* Hanley Ramirez knocked in two runs. He was sort of lucky.
In the fifth inning, Ramirez hit a twisting opposite-field fly ball down the right field line. It landed just past the Pesky Pole in right, measured at 307 feet, the shortest homer in baseball this season, according to ESPN Stats and Information.
Then, an inning later, Ramirez hit a pop fly that drifted into shallow right. Three Rays defenders converged -- first baseman, second baseman and right fielder -- and somehow the ball dropped in between all three for a run-scoring single.
Two cheap hits, two RBI.
At times, you'll see hitters mash the ball, only to have it hit right at someone for an out. Rotten luck, and all.
Tuesday night, Ramirez got to experience the flip side of that.
* Drew Pomeranz had an excellent outing -- until his final pitch of the night.
Through 6 2/3 innings, Pomeranz had allowed a single run on four hits while walking two and striking out eight.
He had retired 10 of the previous 11 hitters he had faced, and while he was approaching his 100th pitch, showed no evidence of tiring.
Then, Pomernaz hung a curveball to No. 9 hitter Luke Maile -- with two strikes, no less -- and Maile hit into the Monster Seats for a game-tying, two-run homer.
It was the first homer on a curveball allowed by Pomeranz in 153 innings this season, and all of a sudden, the outing wasn't so special.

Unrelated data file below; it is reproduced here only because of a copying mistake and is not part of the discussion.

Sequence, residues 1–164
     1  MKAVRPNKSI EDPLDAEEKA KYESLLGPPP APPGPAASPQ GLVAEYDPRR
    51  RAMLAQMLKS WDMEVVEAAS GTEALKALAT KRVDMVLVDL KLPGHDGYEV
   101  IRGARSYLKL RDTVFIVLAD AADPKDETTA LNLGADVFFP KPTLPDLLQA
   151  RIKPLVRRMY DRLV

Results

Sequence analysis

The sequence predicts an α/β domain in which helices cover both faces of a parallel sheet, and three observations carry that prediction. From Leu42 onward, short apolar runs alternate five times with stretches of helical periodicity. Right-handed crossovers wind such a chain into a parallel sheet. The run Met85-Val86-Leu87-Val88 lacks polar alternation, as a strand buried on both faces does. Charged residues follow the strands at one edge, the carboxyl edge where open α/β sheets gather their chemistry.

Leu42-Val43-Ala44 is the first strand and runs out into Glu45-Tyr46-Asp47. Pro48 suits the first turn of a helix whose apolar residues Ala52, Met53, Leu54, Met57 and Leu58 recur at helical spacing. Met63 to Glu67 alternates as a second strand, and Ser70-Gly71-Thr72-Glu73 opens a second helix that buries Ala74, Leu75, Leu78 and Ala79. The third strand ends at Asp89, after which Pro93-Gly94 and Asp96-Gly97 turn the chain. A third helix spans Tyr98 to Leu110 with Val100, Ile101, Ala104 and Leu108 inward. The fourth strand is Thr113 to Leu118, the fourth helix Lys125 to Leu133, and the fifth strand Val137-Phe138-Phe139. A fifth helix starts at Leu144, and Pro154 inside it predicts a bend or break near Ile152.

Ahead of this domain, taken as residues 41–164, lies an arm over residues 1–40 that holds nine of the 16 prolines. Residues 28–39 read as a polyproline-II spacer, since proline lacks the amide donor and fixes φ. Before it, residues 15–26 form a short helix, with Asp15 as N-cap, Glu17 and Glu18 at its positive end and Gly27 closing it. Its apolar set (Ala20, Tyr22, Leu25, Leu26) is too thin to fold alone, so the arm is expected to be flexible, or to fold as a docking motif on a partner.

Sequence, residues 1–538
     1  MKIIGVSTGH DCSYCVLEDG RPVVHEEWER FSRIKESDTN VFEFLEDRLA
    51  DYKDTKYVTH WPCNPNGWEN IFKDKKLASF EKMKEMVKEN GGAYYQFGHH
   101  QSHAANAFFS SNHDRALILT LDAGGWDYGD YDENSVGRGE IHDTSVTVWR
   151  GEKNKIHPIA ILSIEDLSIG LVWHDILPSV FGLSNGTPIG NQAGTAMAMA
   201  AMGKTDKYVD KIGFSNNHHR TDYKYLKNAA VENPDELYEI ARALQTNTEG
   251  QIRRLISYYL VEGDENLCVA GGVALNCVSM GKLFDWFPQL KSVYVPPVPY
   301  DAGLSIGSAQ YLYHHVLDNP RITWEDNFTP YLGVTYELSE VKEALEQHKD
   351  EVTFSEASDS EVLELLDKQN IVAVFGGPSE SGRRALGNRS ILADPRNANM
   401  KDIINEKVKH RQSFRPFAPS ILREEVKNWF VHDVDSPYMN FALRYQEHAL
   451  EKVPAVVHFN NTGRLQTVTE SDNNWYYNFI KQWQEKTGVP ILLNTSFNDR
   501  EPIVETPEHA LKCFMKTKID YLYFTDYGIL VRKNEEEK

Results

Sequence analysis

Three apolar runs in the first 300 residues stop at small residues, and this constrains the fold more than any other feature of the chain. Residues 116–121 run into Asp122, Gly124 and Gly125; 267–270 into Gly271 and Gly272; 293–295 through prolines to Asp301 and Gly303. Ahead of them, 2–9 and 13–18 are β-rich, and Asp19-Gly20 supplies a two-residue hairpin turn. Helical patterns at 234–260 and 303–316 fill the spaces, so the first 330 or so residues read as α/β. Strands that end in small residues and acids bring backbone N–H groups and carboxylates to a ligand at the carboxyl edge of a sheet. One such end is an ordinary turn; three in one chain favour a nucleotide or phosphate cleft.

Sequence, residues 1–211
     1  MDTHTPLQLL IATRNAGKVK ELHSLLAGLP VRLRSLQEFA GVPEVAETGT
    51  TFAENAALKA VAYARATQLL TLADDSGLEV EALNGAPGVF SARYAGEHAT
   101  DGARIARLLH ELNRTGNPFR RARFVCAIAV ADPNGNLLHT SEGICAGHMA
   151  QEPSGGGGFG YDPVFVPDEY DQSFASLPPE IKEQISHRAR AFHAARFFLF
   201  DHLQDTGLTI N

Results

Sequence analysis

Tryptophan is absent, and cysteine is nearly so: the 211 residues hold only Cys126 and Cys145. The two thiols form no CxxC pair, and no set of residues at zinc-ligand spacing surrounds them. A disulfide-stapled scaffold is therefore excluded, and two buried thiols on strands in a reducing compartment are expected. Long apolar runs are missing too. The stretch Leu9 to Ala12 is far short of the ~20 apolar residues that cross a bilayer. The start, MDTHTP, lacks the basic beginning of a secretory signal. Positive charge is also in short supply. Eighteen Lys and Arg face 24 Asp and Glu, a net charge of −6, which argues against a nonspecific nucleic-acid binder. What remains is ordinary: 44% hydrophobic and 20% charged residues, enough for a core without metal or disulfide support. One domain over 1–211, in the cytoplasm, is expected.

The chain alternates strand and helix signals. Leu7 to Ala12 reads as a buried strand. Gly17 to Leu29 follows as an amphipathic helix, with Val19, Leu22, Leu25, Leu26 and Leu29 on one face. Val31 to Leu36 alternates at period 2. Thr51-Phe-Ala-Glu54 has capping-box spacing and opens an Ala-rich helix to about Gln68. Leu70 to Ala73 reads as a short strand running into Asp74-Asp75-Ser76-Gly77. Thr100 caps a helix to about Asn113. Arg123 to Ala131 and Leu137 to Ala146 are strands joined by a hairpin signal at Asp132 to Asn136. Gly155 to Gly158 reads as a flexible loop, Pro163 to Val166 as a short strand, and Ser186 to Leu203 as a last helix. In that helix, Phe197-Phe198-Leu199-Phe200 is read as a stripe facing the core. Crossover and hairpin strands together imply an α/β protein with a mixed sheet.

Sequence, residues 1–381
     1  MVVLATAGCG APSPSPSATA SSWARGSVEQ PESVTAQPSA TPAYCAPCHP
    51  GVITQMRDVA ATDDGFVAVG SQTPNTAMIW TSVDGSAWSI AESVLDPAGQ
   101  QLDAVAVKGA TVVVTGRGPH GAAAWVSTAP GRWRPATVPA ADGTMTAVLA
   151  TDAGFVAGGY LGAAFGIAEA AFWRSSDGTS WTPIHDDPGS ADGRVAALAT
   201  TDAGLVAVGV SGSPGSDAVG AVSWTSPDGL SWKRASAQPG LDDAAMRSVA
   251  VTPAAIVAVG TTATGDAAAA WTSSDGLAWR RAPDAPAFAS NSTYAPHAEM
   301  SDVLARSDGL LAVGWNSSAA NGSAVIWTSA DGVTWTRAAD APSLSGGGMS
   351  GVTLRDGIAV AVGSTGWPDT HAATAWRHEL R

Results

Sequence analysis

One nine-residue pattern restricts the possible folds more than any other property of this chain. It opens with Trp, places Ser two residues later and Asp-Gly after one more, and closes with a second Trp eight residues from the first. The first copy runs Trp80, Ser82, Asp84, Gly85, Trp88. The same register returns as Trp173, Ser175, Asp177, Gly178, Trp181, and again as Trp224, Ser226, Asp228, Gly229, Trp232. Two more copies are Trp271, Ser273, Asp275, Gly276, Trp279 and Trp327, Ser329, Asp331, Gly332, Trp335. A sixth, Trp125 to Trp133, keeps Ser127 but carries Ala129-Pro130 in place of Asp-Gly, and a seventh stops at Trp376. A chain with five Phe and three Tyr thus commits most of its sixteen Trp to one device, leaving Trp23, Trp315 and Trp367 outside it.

At Tuesday night’s Patriots Premiere event, tight end Rob Gronkowski was presented with the 2016 Ron Burton Community Service Award.
Gronkowski is the 14th player to have received the award that is named for the late Ron Burton. The first player the Patriots organization ever drafted, Burton was well-known for his charitable work.
“Ever since I’ve been here, following the Krafts, the whole Kraft family, from Myra Kraft, Mr. Kraft, all his sons, seeing everyone lead by example, how they give back to the community every single week was just an honor to see,” said Gronkowski, “I just wanted to be a part of it and give back to the community in a positive way.”
Those who have received the award in the past include Nate Solder (2015), Devin McCourty (2014), Matthew Slater (2013), Zoltan Mesko (2012), Jerod Mayo (2011), Vince Wilfork (2010), Kevin Faulk (2009), Larry Izzo (2008), Ty Warren (2007), Jarvis Green (2006), Matt Light (2005), Troy Brown (2004) and Joe Andruzzi (2003).
"Rob is just as fun to watch at a community event as he is on the game field," said Kraft. "Giving back to the community is a big part of being ‘Gronk.' He is engaging with fans of all ages. His gregarious personality makes him one of our greatest ambassadors, especially when spreading cheer to children at local hospitals or schools. We love the devotion and enthusiasm that he shows in the community and are proud to present him with this year's Ron Burton Community Service Award."
Gronk, never shy about cracking a joke, entertained the crowd like only he can.
“Who would have ever thought five years ago when I was on ESPN every weekend drunk that I’d be accepting this award?”